These incentives are especially critical right now when Google+ is struggling to gain meaningful adoption. On its own merits, I would not currently recommend that clients spend time on Google+. But because of the potential effect on Google Web search results, I think it makes sense for many businesses.
Google provides similar treatment for some links shared on Twitter, but this seems to be reduced now that Google is no longer licensing Twitter’s firehose. Even when it does appear, there is one link to Twitter compared with the three links Google gives to Google+.
In addition to the explicit incentives that Google creates, there are the implicit incentives created by Google’s black-box ranking algorithms. Legions of SEOs with no inside knowledge Make Shit Up. They advise clients how they can please Google’s algorithm Gods, often by making more use of other Google properties. (Which, of course, said SEOs can assist them with.)
Google bundles several discrete ad products together. In some cases, it is impossible for advertisers to opt out of certain properties that they might not want to buy.
In other cases, Google offers a wide range of other ad products that can be easily purchased with the primary Web search advertising buy. Advertisers can easily buy into the contextual ad network, mobile ads, etc. From an efficiency standpoint, this makes things much easier for advertisers. But the net effect is that Google can take more share of limited advertising dollars.
Ben Edelman, an assistant professor at Harvard Business School, wrote a great analysis of how Google’s practices affect advertisers. That was a topic that didn’t get much consideration in the Senate’s hearings.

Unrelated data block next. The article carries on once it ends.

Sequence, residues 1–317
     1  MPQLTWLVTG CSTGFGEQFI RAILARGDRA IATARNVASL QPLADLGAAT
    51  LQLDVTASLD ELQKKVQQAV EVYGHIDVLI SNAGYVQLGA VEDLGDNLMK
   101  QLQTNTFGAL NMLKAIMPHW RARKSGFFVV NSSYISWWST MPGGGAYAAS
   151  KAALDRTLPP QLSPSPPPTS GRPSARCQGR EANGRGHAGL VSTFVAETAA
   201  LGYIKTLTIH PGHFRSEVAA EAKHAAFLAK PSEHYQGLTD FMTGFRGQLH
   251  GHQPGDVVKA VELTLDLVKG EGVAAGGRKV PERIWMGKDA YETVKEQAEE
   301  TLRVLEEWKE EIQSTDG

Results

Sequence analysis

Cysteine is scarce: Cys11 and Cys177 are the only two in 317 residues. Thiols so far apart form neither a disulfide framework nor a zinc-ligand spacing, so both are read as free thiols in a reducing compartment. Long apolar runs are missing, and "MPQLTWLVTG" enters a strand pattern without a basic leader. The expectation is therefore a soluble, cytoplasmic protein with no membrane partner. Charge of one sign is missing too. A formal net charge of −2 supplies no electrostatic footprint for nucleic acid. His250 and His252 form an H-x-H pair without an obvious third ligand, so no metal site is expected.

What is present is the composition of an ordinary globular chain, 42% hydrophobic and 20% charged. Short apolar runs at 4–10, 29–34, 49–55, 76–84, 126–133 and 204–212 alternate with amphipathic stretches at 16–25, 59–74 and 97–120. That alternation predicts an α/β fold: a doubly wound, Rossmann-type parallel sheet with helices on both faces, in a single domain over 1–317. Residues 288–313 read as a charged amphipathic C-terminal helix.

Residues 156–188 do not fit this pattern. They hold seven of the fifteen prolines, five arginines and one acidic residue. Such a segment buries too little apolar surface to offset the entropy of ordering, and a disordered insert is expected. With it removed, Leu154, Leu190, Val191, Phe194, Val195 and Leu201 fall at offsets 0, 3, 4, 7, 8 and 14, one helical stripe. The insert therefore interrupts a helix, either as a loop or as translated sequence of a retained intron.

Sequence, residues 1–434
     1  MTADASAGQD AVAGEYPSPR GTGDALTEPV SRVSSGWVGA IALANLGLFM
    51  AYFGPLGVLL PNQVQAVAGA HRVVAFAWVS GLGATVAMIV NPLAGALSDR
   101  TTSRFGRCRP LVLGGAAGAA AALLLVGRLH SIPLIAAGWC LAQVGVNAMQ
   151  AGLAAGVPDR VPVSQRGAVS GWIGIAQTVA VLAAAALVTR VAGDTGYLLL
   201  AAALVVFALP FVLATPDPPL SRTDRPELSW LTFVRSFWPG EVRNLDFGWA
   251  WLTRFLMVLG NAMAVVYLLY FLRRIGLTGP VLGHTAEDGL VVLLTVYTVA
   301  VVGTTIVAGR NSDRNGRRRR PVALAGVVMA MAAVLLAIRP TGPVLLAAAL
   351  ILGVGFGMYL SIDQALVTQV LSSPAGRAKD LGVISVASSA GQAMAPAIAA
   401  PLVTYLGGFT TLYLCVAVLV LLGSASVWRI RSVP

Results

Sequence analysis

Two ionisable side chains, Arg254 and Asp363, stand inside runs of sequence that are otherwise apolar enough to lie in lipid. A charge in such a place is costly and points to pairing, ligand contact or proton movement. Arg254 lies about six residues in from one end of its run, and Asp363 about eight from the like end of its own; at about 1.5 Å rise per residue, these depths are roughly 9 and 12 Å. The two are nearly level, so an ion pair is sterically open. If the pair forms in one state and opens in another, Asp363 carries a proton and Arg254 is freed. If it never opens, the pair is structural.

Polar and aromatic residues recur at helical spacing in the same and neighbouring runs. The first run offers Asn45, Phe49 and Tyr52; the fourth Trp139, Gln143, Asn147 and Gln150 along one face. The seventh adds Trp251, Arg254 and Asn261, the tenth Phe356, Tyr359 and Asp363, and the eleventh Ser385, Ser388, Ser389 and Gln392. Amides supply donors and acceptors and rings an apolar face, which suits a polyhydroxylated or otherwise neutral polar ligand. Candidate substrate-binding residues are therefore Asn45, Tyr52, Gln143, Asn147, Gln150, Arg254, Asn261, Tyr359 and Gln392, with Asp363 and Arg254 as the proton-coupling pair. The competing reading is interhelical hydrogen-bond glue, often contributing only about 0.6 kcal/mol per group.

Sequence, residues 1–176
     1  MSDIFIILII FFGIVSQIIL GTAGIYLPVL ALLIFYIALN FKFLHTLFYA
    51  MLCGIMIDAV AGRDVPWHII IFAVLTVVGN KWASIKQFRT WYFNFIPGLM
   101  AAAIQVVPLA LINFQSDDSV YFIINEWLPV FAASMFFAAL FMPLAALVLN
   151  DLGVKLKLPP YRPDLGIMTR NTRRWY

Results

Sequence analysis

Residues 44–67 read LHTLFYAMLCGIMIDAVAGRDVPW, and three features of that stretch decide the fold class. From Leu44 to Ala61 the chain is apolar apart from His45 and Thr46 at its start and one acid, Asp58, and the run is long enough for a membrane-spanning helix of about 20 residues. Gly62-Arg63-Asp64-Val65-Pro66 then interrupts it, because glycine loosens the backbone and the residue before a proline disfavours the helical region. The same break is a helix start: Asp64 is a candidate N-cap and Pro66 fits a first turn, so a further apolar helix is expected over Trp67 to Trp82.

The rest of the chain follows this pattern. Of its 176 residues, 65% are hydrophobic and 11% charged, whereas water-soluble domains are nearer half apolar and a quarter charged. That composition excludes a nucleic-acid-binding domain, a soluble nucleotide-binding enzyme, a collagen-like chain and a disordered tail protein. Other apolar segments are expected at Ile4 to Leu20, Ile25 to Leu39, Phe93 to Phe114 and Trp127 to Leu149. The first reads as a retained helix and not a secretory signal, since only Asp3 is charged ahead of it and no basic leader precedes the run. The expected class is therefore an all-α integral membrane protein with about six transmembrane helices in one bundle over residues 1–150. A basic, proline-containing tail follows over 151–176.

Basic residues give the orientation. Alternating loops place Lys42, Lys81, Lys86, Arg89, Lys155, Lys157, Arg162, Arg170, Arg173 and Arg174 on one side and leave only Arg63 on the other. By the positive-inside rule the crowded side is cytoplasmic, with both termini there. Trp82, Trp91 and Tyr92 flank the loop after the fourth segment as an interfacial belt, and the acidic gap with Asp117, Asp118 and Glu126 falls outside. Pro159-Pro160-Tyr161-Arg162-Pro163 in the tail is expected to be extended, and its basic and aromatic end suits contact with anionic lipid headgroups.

Next in this series, I’ll look at good and bad aspects of monopolies.
Rocky, please check how Google is making ads almost invisible as ads with light bg color and not labeling them clearly. They added an inch (!) of extra white space on top so on many e-commerce searches only ads r shown for average screen resolutions. Very evil bc is costing my small shop and many others money.
You can test them on different monitors and lights. Very hard to detect ads many cases.
Sorry, but 1) I think this is an exaggeration and 2) in practice I don’t think it’s evil.
Let me explain with an example:
Try typing in “Sony Vaio.” On my (normal-sized) monitor, I see 10 sites come up on the “center” screen (plus two relevant Vaio e-commerce ads on the side, from Newegg and Sears). The first three are ads – and yes, these ads have only a slight yellow or off-white background. You say the almost-white backgrounds “tricks” the consumer into believing these are organic results. I saw that a less “bright” yellow actually decreases the “highlight the ads” tendency of bright colors. In the end, the two factors may offset.